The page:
Washington, D.C. 1818.
3 pages (front and back) with each two-page spread measuring 9.75 x 15.75 inches, Washington, D.C., March 14, 1818. Written to his friend at Bowdoin College, Prof. Parker Cleaveland, American geologist, called "The Father of American Mineralogy," pertaining to the marble columns that supported the Capital building prior to the British burning of Washington, D.C. in 1814, in part: "...You seem to suppose that I might have given you some amount of the marble column of the Capital, and I should have done it, had it not been my intention to carry with me a small specimen of that very curious and beautiful item. I have seen collections of small stones in great numbers, which, if cemented, would resemble some, these fine pillars. They are 2 feet and 8" in diameter and 22 feet in height. In general, the cement is very firm, though in some instance, remnants of pebbles have given way to the hand of the workman...We had some amusement yesterday in the H.of R. from sharp shouting between Clay and Nelson. The Presidents opinion of the unconstitutionality of making roads and canals under the law of the U.S. was under discussion. Nelson supports the Executive Opinion, Clay contested the correctness & propriety of it." Note: according to the papers of architect Benjamin Latrobe, the marble columns of the connecting corridors were moved and subsequently reused during the rebuilding of the Capital (1815 - 1819). However, there are several documented instances of marble disappearing through the wanton pilfering by thieves and the indiscretions of local souvenir hunters. Did any of the marble end up at Bowdoin College? This letter grades very good condition with light show-through -- though easily read. The Integral address leaf has a gorgeous Free Frank of Benjamin Orr as Congressman and a docket in the hand of Professor Parker Cleaveland.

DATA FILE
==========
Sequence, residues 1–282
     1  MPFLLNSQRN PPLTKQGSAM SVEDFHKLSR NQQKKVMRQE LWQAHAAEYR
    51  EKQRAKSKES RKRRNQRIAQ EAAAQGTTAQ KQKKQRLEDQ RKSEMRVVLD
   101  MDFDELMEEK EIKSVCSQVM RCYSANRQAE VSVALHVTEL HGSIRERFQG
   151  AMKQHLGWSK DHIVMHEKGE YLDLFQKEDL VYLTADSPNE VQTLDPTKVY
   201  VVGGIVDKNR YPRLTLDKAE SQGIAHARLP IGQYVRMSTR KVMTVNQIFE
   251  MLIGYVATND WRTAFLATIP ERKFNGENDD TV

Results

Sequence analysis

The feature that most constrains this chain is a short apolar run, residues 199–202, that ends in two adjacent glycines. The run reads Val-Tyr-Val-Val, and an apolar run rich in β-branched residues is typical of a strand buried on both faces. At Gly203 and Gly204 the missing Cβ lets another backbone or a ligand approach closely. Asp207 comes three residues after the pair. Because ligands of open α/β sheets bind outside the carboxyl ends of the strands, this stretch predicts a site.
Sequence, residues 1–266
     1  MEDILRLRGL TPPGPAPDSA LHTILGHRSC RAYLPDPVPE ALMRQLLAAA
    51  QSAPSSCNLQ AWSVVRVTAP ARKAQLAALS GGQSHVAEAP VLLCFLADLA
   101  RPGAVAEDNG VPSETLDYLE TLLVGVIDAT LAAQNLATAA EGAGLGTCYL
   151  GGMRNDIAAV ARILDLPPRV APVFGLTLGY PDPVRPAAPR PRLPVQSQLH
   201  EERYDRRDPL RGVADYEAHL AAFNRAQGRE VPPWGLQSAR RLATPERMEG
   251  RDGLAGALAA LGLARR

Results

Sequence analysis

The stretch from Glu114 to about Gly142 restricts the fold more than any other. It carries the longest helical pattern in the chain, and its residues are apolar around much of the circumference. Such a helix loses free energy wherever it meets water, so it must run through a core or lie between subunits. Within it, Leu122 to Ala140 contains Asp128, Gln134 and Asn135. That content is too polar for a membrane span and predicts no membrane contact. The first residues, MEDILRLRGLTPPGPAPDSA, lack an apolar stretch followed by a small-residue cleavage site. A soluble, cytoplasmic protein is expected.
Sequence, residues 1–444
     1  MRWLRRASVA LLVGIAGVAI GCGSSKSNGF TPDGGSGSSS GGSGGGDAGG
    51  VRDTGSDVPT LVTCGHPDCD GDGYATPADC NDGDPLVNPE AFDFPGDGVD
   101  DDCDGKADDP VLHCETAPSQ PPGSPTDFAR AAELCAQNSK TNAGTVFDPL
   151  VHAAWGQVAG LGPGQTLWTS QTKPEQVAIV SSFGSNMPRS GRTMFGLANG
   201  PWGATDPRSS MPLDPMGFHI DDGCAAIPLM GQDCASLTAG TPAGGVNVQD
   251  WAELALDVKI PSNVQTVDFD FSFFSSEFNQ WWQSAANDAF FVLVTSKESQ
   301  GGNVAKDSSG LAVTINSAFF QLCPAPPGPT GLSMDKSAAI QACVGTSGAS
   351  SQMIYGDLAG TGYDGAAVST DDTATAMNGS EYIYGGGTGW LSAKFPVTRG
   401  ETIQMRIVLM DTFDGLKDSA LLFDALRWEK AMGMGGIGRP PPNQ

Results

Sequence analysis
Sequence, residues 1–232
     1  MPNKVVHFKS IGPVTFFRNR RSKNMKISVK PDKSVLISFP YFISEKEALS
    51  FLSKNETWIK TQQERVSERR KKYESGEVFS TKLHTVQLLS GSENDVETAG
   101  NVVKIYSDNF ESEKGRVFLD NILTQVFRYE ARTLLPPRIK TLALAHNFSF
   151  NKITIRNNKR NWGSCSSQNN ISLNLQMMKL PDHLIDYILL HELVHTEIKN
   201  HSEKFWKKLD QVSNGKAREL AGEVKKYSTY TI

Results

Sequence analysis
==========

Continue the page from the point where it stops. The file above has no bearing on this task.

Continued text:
Federalist Congressman from Massachusetts who served in the United States House of Representatives from 1817 - 1819. He became an overseer of Bowdoin College as well as a trustee and later treasurer.